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Huygens probe gets clean bill of health

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The European Space Agency's Huygens probe, carried millions of miles to Saturn on board the NASA Cassini space craft, has completed its final series of checks before separation. The check up, its sixteenth, found the probe in good health, according to the ESA.

The Huygens probe will detach from Cassini on Christmas day, and drop into orbit around Titan, Saturn's biggest moon. On 15 January 2005 it will begin its descent into Titan's atmosphere, an event that might even be visible from Earth, provided you have a decent telescope, and are in the right place at the time.

Huygens en route to Titan's surface Image: ESA

The probe has been designed to reveal more about the surface of Titan. Shrouded in its thick, cloudy atmosphere, the surface of the moon has been a mystery until very recently. Detailed radar images captured by Cassini as it swung past the rocky world delighted astronomers, but did not reveal much about the composition of the landscape.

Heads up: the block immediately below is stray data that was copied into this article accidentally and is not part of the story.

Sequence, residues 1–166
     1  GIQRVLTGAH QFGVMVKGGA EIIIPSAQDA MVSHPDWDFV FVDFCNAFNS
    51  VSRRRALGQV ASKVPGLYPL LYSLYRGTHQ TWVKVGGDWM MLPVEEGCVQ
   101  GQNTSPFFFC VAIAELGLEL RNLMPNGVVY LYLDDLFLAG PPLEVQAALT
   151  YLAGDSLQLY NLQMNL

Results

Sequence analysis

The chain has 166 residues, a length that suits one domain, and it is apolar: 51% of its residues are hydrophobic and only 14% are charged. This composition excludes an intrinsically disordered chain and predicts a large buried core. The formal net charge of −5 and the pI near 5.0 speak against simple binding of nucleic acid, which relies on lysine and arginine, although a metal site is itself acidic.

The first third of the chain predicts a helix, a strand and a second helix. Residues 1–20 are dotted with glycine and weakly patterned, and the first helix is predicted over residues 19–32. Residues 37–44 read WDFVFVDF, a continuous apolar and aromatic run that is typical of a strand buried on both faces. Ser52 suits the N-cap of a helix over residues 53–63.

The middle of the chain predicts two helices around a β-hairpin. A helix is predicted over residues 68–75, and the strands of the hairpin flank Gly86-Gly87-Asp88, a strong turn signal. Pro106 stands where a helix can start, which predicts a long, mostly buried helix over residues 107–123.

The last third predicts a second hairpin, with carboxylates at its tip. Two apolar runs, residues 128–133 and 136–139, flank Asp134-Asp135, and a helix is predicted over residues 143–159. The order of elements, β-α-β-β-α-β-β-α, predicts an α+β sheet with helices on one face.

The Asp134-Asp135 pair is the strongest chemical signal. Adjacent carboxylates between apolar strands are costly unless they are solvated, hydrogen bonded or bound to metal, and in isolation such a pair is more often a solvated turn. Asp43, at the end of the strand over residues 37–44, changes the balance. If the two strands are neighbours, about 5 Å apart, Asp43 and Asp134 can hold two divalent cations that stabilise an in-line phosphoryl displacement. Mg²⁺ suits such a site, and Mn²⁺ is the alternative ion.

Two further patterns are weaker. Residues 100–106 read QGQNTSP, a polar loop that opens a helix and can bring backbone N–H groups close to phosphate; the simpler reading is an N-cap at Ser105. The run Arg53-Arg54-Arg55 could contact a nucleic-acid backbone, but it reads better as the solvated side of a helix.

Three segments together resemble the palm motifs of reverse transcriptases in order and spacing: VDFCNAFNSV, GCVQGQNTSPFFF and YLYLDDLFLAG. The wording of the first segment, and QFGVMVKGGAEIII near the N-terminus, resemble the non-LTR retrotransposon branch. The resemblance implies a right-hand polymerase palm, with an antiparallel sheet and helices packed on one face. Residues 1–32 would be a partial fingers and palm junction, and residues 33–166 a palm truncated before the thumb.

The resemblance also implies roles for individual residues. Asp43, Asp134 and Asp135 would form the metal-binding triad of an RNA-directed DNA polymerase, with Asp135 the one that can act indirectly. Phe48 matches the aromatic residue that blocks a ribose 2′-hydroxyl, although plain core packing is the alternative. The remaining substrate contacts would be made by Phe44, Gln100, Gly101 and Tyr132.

In October, as scientists counted down to Cassini's closest approach to Titan, Professor John Zarnecki from the Open University, lead scientist for the Science Surface Package on the Huygens Probe, said his team is looking forward to finding out what kind of surface is under all the smog. "In other words we want to know if our instruments will land with a splash or a thud!"

The Huygens probe is named for Christiaan Huygens, the Dutch astronomer who discovered the moon. It measures 2.7 metres across and is built like a shellfish: its hard shell designed to protect its delicate instruments from the heat of entry into the atmosphere.

There are two parts to the probe - the entry assembly module and the descent module. The former carries the thermal protection, and the controls to manoeuvre the craft after it separates from Cassini. The descent module contains the scientific instruments. Three parachutes will slow the craft on the way to the surface. ®

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Titan hangs on to its secrets
Cassini glimpses Titan's face
Cassini approaches Titanic flyby

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